Connection is biologically hardwired. It is fundamental to our survival as a species—if not mammalian babies would surely be abandoned. When you strip away connection a baby is just a screaming mass of needs and demands with nothing to give and everything to take. But biologically, we are wired to love and care for our offspring—to take the long view—and to attend lovingly to that tiny human until it passes safely through its most powerfully needy phase into more subtle and nuanced needy phases.
This survival necessity provides a clear biological explanation for the purpose of connection, but the roots of connection are deeper still. Connection does far more than just grease the skids on the baby-propagating machine. It is, for most of us, what gives meaning to our lives, well beyond those first years when our survival is most obviously tied to another human.
There are so many kinds of love that we can experience in a lifetime. The German language alone has thirty distinct words for different kinds of kisses—and kissing is just one expression of those many kinds of love. It would be impossible to catalogue all of the kinds of love that exist in this world, but what follows below is reading list that speaks to some of the most prominent categories of this most important part of the human experience—of the connective tissue that ultimately gives meaning to our brief lives.
- The life-giving love of authentic friendship. Friendship is remarkable because it is so voluntary. No DNA chains attached. Just two people who connect at a soul level—making the unbearable more bearable and the light all the brighter. Nobody captures this kind of love more aptly or more beautifully than Truman Capote in A Christmas Memory, where he chronicles the friendship between an old woman, Ms. Sook, and a young boy, Buddy.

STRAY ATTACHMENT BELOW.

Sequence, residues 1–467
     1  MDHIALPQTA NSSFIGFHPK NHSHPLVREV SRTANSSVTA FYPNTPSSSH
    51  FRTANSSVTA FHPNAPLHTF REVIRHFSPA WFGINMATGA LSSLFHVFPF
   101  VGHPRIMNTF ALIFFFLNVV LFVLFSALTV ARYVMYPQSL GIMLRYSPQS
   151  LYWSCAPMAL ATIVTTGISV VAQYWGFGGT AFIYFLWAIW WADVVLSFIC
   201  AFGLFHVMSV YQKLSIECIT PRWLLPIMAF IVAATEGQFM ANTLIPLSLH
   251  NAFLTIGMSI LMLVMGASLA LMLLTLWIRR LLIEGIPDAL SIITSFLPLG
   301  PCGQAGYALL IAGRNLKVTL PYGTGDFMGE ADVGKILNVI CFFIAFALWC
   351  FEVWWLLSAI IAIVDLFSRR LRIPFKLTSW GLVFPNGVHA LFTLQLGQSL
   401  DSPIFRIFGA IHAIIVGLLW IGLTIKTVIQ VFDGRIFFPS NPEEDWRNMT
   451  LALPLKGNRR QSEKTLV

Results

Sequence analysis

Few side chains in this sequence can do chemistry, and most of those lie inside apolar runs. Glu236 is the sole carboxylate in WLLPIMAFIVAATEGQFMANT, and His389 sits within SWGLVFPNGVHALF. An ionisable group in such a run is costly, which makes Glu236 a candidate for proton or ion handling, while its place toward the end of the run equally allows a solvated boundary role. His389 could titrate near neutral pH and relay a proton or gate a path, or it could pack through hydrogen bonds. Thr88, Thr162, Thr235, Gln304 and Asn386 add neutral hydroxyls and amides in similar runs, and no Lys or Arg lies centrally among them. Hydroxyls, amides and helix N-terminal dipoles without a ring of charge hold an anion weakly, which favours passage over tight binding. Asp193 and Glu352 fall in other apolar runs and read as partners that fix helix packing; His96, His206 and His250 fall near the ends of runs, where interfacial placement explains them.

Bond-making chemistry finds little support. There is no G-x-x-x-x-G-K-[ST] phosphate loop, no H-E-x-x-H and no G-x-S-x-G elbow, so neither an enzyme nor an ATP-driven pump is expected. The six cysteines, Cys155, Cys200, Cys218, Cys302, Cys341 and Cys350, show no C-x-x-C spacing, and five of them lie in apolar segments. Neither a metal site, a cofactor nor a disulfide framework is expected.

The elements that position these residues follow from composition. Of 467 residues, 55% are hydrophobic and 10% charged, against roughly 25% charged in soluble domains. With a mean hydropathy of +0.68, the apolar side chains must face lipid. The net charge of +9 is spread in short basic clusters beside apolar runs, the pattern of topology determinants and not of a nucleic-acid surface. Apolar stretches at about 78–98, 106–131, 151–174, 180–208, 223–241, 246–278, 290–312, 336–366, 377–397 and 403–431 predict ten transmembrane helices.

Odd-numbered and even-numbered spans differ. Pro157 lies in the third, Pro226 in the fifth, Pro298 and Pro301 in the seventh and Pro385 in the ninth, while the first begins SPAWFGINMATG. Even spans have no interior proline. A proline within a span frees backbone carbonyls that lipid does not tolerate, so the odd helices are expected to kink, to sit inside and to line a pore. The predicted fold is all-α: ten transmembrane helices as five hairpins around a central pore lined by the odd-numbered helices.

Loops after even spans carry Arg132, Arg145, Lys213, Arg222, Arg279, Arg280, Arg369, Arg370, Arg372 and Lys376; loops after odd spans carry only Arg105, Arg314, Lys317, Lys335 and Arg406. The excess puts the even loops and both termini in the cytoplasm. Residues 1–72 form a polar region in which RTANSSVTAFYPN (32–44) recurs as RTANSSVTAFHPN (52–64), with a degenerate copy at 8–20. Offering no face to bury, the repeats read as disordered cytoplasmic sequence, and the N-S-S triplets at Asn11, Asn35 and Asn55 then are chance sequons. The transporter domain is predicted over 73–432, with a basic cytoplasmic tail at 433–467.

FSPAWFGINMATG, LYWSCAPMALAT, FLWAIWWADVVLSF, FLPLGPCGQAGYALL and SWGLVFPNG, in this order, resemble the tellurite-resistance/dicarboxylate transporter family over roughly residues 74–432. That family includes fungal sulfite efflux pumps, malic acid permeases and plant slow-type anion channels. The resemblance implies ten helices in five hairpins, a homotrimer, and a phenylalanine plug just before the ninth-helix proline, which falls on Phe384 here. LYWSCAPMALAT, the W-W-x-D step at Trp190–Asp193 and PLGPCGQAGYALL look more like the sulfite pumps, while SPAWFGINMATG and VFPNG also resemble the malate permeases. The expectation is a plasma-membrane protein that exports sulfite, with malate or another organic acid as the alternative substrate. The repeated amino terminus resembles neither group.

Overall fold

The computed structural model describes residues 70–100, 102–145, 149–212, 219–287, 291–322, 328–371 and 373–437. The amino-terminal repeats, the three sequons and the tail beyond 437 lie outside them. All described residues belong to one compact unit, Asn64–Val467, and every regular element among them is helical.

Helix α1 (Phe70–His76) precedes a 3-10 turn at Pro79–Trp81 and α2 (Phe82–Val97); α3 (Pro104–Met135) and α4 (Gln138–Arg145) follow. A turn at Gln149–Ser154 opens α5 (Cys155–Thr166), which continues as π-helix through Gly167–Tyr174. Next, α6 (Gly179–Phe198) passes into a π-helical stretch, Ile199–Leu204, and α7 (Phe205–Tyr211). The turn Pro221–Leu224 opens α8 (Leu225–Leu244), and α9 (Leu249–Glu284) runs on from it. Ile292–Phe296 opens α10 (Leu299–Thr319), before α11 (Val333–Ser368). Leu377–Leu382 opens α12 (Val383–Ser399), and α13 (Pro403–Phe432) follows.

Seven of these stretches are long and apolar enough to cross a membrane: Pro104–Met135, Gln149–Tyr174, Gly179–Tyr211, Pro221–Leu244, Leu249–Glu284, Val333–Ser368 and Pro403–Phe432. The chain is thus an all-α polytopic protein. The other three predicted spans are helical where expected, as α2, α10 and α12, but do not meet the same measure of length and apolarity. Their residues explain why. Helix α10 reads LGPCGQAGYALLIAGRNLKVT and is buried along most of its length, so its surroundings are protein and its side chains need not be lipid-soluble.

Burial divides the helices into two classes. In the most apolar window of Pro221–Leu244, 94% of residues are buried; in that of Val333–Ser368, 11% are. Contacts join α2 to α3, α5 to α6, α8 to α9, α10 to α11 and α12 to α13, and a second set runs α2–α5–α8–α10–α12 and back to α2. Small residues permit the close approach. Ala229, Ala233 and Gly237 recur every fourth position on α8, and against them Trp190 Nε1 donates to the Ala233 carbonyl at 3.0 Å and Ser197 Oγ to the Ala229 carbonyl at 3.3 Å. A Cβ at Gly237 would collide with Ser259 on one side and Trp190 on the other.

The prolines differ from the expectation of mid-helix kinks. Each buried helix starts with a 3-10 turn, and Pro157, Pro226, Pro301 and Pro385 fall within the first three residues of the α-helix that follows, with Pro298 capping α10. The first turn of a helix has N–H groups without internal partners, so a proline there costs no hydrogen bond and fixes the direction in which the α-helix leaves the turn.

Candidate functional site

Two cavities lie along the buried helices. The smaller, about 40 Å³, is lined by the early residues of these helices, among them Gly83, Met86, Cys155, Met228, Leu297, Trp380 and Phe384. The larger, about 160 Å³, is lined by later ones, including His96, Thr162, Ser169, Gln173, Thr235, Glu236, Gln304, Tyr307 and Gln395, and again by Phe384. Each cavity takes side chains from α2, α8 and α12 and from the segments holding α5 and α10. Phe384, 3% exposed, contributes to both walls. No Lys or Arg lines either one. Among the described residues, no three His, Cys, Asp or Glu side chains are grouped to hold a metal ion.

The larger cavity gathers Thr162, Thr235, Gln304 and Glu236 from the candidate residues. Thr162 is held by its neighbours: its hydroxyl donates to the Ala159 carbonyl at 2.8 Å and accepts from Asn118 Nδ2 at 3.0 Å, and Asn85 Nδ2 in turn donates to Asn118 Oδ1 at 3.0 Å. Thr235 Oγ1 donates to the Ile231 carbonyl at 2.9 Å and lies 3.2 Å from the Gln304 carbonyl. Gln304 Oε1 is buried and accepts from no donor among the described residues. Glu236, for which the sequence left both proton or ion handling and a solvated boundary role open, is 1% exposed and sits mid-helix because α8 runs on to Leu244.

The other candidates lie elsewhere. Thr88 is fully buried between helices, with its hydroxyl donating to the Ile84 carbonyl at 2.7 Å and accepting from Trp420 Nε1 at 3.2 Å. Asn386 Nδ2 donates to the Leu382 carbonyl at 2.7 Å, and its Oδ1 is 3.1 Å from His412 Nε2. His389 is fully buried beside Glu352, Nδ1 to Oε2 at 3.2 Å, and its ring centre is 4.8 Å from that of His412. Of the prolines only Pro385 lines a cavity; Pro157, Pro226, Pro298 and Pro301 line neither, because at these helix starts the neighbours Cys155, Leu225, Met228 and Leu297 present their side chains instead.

- The devoted love of a pet. Human animals can be so incredibly cruel, and sometimes it is the love that crosses the species barrier that is the most healing balm. It is not an accident (I think) that Dog and God are anagrams, for I have met far more dogs than humans who dwell in the realm of sainthood. The devoted, undeserved, unfailing love of a beloved pet is captured in Eleanor Atkin's Greyfriar’s Bobby, which tells the true story of Bobby, a devoted Skye terrier, who sleeps for years on his master’s grave—an old shepherd who would have died alone, if not for the company of Bobby.
- The dedicated love of long-time partnership. This audacious kind of love aspires to much, and is perhaps only truly experienced when the aspirations are crushed and both people choose to remain anyways, giving time for something greater than the first blush of new love to take root. Two books speak powerfully to the evolution that occurs in long-term partnership. Anne Morrow Lindbergh’s Gift from the Sea describes the three marriages that exist within a long single marriage—that each iteration has its time and place, and that in the end all are just right and beautiful. And Alain De Botton’s The Course of Love: A Novel which, similarly arrives at the conclusion that people are only ready to be married after they’ve "enrolled in the curriculum" for years; when they have arrived—not to the promise land—but rather to a delight in the reality of what it means to live a life intimately with another.